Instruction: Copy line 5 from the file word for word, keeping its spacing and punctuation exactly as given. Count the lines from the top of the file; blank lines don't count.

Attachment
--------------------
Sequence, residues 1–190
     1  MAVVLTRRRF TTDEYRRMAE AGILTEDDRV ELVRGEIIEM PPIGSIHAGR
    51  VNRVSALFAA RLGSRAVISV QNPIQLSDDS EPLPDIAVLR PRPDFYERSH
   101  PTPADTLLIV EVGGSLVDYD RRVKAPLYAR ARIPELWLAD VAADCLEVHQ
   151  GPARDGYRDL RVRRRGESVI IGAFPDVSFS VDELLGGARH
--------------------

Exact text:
   151  GPARDGYRDL RVRRRGESVI IGAFPDVSFS VDELLGGARH